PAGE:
Reclaiming the Moral High Ground (Epstein’s new energy primer)
“Although trained as a philosopher, [Alex] Epstein is perhaps best described as a happy intellectual warrior whose main goal is to rewrite the dominant romantic/authoritarian narrative that nowadays underlie energy and sustainability debates.”
To people who lived through them, the “good old days” were more akin to Hobbesian trying times where life was much more solitary, poorer, nastier, brutish and shorter than in our “Age of Energy.”
In a world where no good deed goes unpunished, however, hydrocarbons and the people who locate, refine and deliver them in usable forms are loudly condemned as toxic threats by activists who would rather have energy-starved masses consume little, distant, costly, intermittent, unreliable, and low-density alternative energy cupcakes.
Even more disheartening is how many energy executives have been shamed into paying lip-service (and a fair amount of “sustainability” and “green partnership” consulting fees) to their most virulent detractors.
Enter Alex Epstein, the young dynamo behind the Center for Industrial Progress (CIP) and regular contributor to this blog. (Disclaimer: Alex is a virtual friend, meaning we have only met through Skype.)
Although trained as a philosopher, Epstein is perhaps best described as a happy intellectual warrior whose main goal is to rewrite the dominant romantic/authoritarian narrative that nowadays underlie energy and sustainability debates. He recently summarized his main insights and achievements in a short free e-book “Fossil Fuels Improve the Planet.”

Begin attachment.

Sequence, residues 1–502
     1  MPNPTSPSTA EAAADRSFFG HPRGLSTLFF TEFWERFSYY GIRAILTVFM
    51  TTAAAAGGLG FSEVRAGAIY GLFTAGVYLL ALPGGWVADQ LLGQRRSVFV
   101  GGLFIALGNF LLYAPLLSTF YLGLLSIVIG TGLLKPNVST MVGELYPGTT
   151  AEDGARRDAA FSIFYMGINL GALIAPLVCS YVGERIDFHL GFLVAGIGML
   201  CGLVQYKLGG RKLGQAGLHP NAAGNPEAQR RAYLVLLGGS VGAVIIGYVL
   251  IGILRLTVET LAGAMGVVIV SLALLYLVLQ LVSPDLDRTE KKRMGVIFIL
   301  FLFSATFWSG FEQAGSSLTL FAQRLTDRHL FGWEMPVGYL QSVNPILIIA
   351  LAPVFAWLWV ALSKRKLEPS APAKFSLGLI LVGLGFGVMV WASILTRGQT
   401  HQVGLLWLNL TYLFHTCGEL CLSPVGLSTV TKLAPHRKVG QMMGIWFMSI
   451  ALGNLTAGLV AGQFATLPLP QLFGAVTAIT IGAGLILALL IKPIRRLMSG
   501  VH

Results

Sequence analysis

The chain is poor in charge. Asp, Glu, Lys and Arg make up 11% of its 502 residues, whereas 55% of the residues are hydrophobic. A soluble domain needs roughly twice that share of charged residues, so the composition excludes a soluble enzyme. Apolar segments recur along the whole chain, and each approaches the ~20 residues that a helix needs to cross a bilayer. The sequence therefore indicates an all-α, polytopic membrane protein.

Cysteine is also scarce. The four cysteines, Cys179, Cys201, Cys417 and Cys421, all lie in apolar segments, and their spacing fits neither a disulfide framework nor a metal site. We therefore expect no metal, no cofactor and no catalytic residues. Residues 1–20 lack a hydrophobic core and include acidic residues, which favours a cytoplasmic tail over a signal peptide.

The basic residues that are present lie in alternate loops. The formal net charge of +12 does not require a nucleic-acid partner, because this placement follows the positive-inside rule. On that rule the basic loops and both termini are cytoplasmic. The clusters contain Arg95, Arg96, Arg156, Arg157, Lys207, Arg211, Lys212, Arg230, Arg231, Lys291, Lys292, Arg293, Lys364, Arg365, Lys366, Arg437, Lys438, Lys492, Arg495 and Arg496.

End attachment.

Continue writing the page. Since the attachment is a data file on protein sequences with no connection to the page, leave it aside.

Epstein’s main message is that environmentalists have “put forward the myth that a better environment means ‘saving’ the planet from human industry,” whereas in fact humans who have been lucky enough to join the international division of labor and benefit from ever greater energy use have increasingly insulated themselves from bad weather, diseases and food shortages.
In other words, the story told by long-term trends runs directly counter to the dominant green narrative. Reducing our carbon footprint, it turns out, is a one way road to greater misery and environmental devastation. Until something better comes along, increasing our carbon footprint is the only proven way to help billions of individuals live longer, happier, healthier, safer, more comfortable, more meaningful, and more opportunity-filled life.
With facts on their side, Epstein argues, hydrocarbon producers and supporters should eschew apologies (“Beyond Petroleum” and “bridge fuel” anyone?). Rather, industrialists should make a moral case through “aspirational advocacy,” which he defines as connecting educational efforts with target audiences’ deepest values and aspirations (from human progress to environmental remediation).
Epstein then tells his readers how he walked his talk by debating carbon fuel opponent Bill McKibben, who, while professing to love humanity in general, is obviously not too concerned about the actual fate of individuals in his alternative energy universe (a video of the debate is available here).
And as one can always expect some “runaway climate change scenario” challenge to the actual improvements delivered by hydrocarbons, a critical appendix on the subject by physicist Eric Dennis was added to the book.
While I am in obvious agreement with Epstein’s message and an admirer of his grassroots work, I believe that his book would benefit from a more explicit challenge to the crass Malthusianism that is at the root of the belief system of many of my green, but sincere, academic colleagues. Alex can obviously deliver this message with aplomb, and I hope he will consider devoting a short chapter to the topic in the next edition.